Hans-Jürgen Bartsch in Berlin
Since Peter Stein’s legendary staging of Three Sisters in 1984, remembered above all for the magnificent sets – the meticulously furnished interior of a country mansion and the naturalistic reconstruction of a birch grove for the outdoor scenes – the Schaubühne has played a major role in promoting Anton Chekhov’s dramatic work in Berlin. I cannot remember any season when none of his plays was on show at a Berlin theatre, public or private.
Alina Vimbai Strähler as Nina and Joachim Meyerhoff as Trigorin.
Photo credit: Gianmarco Bresadola.
I was reminded of the birch grove when I caught sight of the set for the revival of Die Möwe (The Seagull), the Schaubühne’s last major production before the summer recess. Thomas Ostermeier, at the helm of the theatre since 1999, does not only direct it; in cooperation with Jan Pappelbaum, his long-standing set designer, he has also devised the impressive stage scenery: a true-to-life replica of an enormous plane tree with the branches spreading sideways over the entire width of the stage, and some over the spectators’ heads into the auditorium which has been transformed into an amphitheatre.
All scenes, indoor as well as outdoor, are played in front of that tree, and some even on one of its branches. A hotchpotch of garden and picnic chairs and a plastic folding table are the only props. The actors enter and exit through the aisles and occasionally stop to talk to a spectator (“It’s all quite depressing, isn’t it?”). In the programme, this Seagull is announced as a play “by Anton Chekhov in a version by the ensemble, using a translation by Ulrike Zemme”. What we get here is a mise en scène to which both the director and the cast have contributed – the opposite of Regietheater.
We are no longer in the Russian countryside at the end of the nineteenth century. Ostermeier has moved the action to a garden on the outskirts of a German city. Although the protagonists deliver (mostly) Chekhov’s lines, they represent members of today’s bourgeoisie. They smoke e-cigarettes and drink beer out of the bottle. The writer Trigorin (Joachim Meyerhoff) goes angling in swimming trunks. Kostya, the aspiring avant-garde playwright (Laurenz Laufenberg) is sporting slacks and a T-shirt, and his mother Arkadina (Stephanie Eidt) a garish red dress and high-heeled shoes, more fitting for a popular television star than an ageing stage actress. Her brother Pyotr Sorin (Thomas Bading) is wearing an elegant purple suit (costumes: Nehle Balkhausen). Shamrayev, the steward of Sorin’s country estate (David Ruland), has transmuted into the temperamental organiser of a garden party who orders everybody about in typical Berlin slang. At one point, the conversations are drowned out by the deafening noise of a jet plane.
Chekhov’s advice that The Seagull should be read as a comedy has been taken to its extreme: the play has been transformed into popular entertainment for our times. The acting often veers to caricature and gimmick, and exuberant hilarity overshadows the more subtle irony and sarcasm with which Chekhov mocks the characters’ afflictions: their fear of ending an unfulfilled life and their suffering from the unrequited love, or affection, they invest in the wrong persons – Kostya in Nina, Shamrayev’s daughter Masha (Hêvîn Tekin) in Kostya, his unhappy wife (İlknur Bahadır) in Dr Dorn (Axel Wandtke), and Nina in Trigorin.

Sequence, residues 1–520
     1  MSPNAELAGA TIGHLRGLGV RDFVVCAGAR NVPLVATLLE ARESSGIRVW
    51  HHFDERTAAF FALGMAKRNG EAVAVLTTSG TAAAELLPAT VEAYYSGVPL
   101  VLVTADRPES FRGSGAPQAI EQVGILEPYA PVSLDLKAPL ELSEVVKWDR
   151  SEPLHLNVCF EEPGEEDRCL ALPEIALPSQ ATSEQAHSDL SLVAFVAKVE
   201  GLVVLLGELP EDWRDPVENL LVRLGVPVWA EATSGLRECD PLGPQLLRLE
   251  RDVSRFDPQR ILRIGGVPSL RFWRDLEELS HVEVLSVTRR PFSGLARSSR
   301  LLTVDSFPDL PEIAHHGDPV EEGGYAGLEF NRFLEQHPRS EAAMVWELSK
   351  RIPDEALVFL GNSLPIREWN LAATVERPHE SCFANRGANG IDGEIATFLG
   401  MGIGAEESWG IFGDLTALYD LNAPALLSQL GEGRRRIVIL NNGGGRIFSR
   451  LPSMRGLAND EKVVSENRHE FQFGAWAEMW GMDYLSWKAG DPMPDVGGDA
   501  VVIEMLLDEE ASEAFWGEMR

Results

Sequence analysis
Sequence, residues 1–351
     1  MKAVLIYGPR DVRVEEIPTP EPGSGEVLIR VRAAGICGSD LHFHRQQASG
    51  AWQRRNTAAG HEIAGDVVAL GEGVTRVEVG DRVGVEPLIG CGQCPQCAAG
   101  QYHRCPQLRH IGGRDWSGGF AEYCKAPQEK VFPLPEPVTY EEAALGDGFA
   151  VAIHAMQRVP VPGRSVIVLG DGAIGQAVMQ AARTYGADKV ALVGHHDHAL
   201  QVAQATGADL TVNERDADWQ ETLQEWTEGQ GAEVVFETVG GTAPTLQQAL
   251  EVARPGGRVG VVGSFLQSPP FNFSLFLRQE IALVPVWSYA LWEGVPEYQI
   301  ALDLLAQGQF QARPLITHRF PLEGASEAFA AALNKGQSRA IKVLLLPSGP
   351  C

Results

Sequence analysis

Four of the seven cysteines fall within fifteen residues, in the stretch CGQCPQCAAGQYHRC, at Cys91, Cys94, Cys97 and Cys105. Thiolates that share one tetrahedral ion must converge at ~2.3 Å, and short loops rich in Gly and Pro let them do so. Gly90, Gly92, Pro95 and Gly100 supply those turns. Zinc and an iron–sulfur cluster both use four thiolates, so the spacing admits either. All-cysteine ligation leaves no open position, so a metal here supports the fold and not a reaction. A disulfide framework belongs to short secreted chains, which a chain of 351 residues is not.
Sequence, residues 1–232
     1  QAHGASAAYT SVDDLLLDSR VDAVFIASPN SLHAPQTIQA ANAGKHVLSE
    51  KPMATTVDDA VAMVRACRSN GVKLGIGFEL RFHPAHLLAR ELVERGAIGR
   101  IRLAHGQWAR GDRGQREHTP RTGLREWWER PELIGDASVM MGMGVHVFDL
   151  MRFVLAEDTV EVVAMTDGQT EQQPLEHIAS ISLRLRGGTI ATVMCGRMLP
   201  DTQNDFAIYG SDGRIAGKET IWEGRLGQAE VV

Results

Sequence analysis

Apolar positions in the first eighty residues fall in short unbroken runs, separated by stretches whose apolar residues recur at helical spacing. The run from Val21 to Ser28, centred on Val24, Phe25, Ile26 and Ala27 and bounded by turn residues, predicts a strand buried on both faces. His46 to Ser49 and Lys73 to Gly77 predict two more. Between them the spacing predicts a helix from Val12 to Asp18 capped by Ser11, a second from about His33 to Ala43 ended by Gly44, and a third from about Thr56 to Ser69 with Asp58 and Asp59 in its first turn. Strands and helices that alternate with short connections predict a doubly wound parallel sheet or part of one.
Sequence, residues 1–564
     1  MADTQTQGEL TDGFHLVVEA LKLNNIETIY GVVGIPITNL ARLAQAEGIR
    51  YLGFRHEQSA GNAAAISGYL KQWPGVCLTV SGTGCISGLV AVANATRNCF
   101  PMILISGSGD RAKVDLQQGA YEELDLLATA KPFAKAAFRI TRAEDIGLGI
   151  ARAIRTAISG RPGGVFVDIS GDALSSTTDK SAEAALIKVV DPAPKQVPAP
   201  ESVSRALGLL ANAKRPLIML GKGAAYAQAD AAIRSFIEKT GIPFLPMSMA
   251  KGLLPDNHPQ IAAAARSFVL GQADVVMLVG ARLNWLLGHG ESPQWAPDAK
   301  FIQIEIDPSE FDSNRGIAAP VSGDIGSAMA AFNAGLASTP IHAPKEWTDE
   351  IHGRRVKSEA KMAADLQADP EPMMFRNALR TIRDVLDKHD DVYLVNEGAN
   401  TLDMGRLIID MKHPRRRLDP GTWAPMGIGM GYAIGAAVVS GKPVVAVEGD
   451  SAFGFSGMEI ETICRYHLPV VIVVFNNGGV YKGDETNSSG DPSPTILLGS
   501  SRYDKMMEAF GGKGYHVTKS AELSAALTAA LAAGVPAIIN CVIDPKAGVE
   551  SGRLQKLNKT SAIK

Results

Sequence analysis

Stephanie Eidt portrays Arkadina as a self-centred, insensitive woman who is preoccupied with her image and career, but has little regard for her son’s needs or feelings. Kostya tells us that, to demonstrate her celebrity status, she never misses an opportunity to sign open letters to newspapers. The scene where Nina (Alina Vimbai Strähler) – installed on a branch of the tree shrouded by fog – performs the mysterious Weltschmerz drama Kostya has written for her, ends in a mighty quarrel: Arkadina repeatedly interrupts the performance and ridicules the play. She does not even notice that her son is on the verge of a nervous breakdown. Quite evidently it is habit rather than passion that ties her to Trigorin – and, as Chekhov suggests, also pride at having conquered a much younger man, a motive that is lost here because Joachim Meyerhoff’s Trigorin is – or looks – much older than Stephanie Eidt’s Arkadina.
Meyerhoff is the star of the evening. He starts off as the rather unobtrusive author who prefers angling to socialising (true to Chekhov) and then (in line with Ostermeier’s staging concept) changes into a garrulous show-off who dominates the stage, boasting about his best-selling novels and his ingenious writing technique: in preparation for his next novel he records impressions, conversations and encounters on little index-cards. In one of the many amusing scenes, he is sitting with Nina at the picnic table sorting out a pile of these cards. Nina had fallen in love with him after breaking up with Kostya. To impress her, Trigorin is prattling non-stop about his fame and success, fortunately with a good measure of irony and sarcasm that renders the monologue highly entertaining. But what attracts Nina to him remains a mystery. If she hoped he would write her the play she yearns for, her hope would certainly be dashed. This is the most un-Chekhovian portrayal of Trigorin I have seen. But the audience loved it. Meyerhoff had them at his feet. At the end of the three-hour performance he was feted with thundering applause.
In the final scene, late at night, Kostya collects a gun he had hidden behind the plane tree and points it at his throat. He quickly takes cover when Trigorin arrives and relieves himself against the tree (not Chekhov’s idea), and Shamrayev walks past with the seagull he had shot and stuffed. When the two have disappeared, we hear a shot.